Meanwhile, the General Manager of Tanger Outlets, Gabrielle Ochoa, released a statement that reads:

Witnesses speak out

Shoppers said to say it was an emotional day is an understatement.

"They told us to stay in a group, and it was crazy because you see stuff thrown on the floor. People, you know, left their bags 'cause they were running out, so I mean, it was intense," said Virginia Rosas.

"We were told that we were in lockdown and moved to the back of the store, and then shortly after, a lot of police with rifles went running by," said Mike Lund.

Other shootings have happened in the area

This is not the first shooting to have happened in the area in recent years.

In May 2020, a shooting in the area left three people hurt. The suspect, identified as 20-year-old Armando Hernandez Jr., said he had been bullied, and wanted to gain respect. He was subsequently indicted on 39 charges, including attempted first-degree murder, disorderly conduct, endangerment, criminal damage, and other alleged weapons-related offenses.

Another shooting happened in the area in December 2020. At the time, police officials said two people got into a fight.

"That is when the vehicle struck the 21-year-old, and then, he pulled out a gun and started firing," said Officer Tiffany Ngalula with Glendale Police.

Moments later, another man reportedly started shooting.

"A second vehicle pulled up, which had a 32-year-old male inside of that car," Ngalula said back then. "He fired rounds at the original shooter. The 21-year-old male. He struck that 21-year-old male. That 21-year-old male fired rounds back at the 32-year-old male, and also struck him."

Security experts weigh in on mall shootings

While this shooting was considered to be an isolated incident, a retired DPS captain said what happened could have been just as dangerous as an active shooter situation, where there is usually one assailant.

Steve Enteman is a retired 25-year DPS captain who is now a consultant to companies needing security detail. He had advice for people in situations when bullets are flying.

"It’s sad that we’re in this day and age that we have to think that through, but when you’re out with your family or by yourself, those are the first things you should be looking at is what’s my exit, what’s my plan, if this situation was to happen," said Enteman.

Enteman said more companies, specifically retail and marijuana dispensaries, are looking to enhance security measures.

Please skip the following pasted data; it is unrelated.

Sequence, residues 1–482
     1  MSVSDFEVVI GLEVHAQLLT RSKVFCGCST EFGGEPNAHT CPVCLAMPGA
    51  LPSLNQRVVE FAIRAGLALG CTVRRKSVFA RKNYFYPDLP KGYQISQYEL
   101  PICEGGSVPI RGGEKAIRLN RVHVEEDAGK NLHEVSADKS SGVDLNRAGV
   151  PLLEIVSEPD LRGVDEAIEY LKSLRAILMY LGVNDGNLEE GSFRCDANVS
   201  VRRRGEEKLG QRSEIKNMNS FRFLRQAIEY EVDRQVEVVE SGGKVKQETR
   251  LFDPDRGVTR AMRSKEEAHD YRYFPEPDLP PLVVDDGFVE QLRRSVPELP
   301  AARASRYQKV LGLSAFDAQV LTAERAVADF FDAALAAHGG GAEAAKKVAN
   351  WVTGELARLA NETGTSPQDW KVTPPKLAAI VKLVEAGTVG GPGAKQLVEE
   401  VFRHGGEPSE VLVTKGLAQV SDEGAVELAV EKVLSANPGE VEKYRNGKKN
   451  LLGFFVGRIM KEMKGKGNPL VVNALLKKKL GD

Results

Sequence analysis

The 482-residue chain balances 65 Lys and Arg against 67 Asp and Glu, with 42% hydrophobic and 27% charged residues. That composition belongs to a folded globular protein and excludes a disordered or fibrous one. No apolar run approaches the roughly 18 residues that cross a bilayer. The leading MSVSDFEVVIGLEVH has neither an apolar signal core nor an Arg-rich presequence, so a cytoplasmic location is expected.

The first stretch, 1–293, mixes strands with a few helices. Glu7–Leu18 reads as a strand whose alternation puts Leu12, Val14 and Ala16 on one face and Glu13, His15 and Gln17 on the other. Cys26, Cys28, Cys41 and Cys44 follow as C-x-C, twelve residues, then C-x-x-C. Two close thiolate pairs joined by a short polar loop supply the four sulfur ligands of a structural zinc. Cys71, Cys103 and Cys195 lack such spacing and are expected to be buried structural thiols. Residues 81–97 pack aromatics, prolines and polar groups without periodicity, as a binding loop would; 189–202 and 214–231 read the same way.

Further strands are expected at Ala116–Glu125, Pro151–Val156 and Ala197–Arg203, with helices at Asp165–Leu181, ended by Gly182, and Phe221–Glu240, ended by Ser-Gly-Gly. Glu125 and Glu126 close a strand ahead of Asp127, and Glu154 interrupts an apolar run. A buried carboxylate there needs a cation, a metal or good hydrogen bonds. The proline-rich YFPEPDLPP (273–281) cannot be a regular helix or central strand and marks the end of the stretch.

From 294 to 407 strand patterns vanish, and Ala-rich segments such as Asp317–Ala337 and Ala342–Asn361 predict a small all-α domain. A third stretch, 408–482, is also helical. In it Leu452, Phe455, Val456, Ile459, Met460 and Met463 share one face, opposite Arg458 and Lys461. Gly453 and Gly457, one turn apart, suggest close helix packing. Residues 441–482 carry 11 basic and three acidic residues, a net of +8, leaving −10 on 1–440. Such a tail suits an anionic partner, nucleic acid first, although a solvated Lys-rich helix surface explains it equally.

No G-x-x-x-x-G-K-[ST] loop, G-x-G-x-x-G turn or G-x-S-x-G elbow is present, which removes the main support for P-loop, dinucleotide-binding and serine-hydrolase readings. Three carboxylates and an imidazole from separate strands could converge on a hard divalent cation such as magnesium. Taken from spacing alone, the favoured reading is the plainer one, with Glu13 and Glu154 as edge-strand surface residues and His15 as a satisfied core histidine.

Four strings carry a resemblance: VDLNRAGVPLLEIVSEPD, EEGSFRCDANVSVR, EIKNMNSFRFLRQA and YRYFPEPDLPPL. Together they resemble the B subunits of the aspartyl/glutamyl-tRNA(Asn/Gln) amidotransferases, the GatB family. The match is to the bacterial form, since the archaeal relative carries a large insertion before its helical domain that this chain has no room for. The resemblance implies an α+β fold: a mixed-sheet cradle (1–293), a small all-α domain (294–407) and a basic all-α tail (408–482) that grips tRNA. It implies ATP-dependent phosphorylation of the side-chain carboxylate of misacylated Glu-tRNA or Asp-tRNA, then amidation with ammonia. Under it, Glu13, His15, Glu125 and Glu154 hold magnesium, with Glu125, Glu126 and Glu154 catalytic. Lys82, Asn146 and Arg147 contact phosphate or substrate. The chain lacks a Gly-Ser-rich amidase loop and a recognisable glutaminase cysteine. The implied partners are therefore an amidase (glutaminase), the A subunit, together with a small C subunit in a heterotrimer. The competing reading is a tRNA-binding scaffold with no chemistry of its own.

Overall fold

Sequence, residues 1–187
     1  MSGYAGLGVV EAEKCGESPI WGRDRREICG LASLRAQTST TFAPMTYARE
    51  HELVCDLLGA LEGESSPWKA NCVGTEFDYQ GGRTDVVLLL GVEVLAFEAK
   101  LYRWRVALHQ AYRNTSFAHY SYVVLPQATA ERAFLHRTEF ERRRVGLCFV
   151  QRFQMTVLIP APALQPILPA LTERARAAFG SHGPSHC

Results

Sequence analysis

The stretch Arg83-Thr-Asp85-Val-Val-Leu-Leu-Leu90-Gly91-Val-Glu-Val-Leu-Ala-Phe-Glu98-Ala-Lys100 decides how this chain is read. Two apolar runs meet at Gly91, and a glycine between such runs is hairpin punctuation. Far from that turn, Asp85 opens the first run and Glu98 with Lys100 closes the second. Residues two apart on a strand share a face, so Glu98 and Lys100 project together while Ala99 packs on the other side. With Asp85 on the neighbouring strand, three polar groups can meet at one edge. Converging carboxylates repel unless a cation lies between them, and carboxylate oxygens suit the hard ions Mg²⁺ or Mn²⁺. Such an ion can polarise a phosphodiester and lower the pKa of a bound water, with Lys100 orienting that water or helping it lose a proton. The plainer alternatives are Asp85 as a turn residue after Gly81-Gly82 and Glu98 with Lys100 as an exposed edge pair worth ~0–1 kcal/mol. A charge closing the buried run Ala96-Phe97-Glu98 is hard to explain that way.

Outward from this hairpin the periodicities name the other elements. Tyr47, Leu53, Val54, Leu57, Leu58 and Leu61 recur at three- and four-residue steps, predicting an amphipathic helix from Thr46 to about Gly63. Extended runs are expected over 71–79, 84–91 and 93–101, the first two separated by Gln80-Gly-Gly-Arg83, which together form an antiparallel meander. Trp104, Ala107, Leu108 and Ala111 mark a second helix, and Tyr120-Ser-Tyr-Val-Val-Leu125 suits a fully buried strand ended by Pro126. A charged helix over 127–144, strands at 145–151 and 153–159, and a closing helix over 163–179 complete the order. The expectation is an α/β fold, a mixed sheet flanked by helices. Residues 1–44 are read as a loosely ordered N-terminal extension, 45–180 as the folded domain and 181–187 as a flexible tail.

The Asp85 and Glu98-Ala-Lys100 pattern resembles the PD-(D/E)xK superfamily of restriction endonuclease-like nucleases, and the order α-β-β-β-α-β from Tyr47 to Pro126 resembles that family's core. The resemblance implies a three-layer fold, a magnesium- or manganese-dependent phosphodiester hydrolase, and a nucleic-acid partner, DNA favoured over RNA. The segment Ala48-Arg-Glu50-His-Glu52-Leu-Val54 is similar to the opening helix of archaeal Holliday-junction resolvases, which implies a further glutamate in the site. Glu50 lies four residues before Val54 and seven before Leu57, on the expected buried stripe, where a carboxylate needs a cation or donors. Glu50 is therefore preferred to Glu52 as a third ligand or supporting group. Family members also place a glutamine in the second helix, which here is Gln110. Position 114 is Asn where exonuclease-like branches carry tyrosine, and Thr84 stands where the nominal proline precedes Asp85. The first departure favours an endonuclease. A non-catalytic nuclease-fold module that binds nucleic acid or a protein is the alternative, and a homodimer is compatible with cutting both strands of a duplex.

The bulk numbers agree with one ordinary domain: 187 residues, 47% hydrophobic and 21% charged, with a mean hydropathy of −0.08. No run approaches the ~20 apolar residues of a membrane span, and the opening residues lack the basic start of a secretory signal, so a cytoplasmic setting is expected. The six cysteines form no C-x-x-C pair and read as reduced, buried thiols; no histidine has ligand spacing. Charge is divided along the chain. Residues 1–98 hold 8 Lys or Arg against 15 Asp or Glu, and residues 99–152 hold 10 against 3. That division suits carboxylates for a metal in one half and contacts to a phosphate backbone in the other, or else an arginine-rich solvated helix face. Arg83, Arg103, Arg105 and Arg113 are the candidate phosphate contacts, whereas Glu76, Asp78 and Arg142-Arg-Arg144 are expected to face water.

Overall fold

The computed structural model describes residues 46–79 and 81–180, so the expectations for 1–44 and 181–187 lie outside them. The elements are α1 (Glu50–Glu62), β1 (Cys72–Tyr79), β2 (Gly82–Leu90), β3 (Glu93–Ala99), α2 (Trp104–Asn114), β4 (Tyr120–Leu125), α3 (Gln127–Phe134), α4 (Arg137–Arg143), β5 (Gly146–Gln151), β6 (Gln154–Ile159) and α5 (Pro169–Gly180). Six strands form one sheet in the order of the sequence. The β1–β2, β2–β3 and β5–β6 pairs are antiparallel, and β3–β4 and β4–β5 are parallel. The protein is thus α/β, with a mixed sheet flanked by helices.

"A lot of these organizations are saying, ‘we go private security, and we’re having to go armed security,’ so that brings a whole new level and depth to it, and that is a demand to it, and that has changed a lot," said Enteman.

Former Arizona Department of Public Safety (DPS) Director Frank Milstead also talked about shootings., He said when an incident is perceived to be an active shooter or public threat, time is the most important element.

First, officers have to identify and neutralize the threat.

"Then we go back and apply triage to those who are injured. But the longer that we waited to go in, or if we try to help people as we move forward, it made it more complicated because more and more people were at risk," said Milstead.

Again, the Tanger Outlets shooting was not an active shooter situation, but officers immediately responded as if it was.

"There were people that had already sheltered in place. Those responders had to go door-to-door, room-to-room, store-to-store, and make sure there was nobody else hiding that was a threat and to liberate those who had sheltered in place to tell them it was safe to come out," Milstead said.

Many law enforcement agencies respond using what they call an incident command system, or ICS.

"They set up an inner and outer perimeter. They set up staging, they set up traffic control, and they have a huge response of law-enforcement coming to a singular scene," Milstead said.

They keep radio traffic to a minimum to keep lines of communication free and clear, and they ask everyone to stay out of the way.

"The best thing that they can do is either try to communicate with their loved ones through cell phone technology … and provide them information they don't have. To respond to the scene or try to get into the scene just complicates matters for law enforcement," Milstead said.

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Tanger Outlets at Westgate shooting on March 23, 2022